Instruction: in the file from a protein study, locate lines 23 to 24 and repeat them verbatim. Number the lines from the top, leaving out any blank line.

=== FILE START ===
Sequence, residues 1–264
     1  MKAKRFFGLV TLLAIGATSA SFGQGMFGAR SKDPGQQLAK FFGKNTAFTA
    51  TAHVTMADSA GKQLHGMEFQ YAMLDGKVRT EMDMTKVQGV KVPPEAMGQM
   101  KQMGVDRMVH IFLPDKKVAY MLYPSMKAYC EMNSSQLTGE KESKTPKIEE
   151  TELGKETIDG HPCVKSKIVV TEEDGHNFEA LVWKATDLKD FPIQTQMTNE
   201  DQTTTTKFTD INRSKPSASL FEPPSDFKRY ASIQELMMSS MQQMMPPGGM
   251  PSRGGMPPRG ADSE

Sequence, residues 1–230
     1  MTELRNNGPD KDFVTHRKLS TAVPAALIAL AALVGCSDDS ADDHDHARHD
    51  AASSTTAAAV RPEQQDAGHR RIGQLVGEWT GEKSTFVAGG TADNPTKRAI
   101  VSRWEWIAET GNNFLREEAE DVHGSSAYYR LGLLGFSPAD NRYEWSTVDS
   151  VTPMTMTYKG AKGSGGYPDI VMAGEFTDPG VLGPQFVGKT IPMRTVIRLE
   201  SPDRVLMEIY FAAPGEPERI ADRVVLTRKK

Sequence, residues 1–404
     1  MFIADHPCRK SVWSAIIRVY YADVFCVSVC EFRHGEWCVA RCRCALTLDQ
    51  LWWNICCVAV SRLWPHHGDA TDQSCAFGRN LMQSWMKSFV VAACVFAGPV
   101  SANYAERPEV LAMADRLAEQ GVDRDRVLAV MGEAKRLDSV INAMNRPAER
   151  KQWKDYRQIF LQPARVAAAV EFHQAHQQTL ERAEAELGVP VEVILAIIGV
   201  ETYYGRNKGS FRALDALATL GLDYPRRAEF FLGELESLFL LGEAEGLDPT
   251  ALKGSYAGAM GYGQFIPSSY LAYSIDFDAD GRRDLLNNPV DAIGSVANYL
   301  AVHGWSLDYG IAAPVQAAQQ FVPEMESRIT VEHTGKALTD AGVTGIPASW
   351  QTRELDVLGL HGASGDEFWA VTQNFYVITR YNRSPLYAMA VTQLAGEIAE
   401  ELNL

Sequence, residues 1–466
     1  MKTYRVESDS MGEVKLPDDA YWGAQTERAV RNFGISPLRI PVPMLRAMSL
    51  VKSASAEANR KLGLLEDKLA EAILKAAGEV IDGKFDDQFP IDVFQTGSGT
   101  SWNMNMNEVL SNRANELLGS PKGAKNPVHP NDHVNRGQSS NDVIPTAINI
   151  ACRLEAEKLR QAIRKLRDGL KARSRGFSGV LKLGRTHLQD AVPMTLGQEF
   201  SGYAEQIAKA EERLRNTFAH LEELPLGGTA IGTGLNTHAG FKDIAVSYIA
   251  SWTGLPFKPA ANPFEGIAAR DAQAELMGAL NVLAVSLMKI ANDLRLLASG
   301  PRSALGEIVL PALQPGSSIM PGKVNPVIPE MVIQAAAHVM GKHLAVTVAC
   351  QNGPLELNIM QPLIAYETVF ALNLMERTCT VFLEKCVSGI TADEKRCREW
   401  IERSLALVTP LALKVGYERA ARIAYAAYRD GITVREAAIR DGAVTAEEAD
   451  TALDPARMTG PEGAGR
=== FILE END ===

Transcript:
   401  ELNL

Sequence, residues 1–466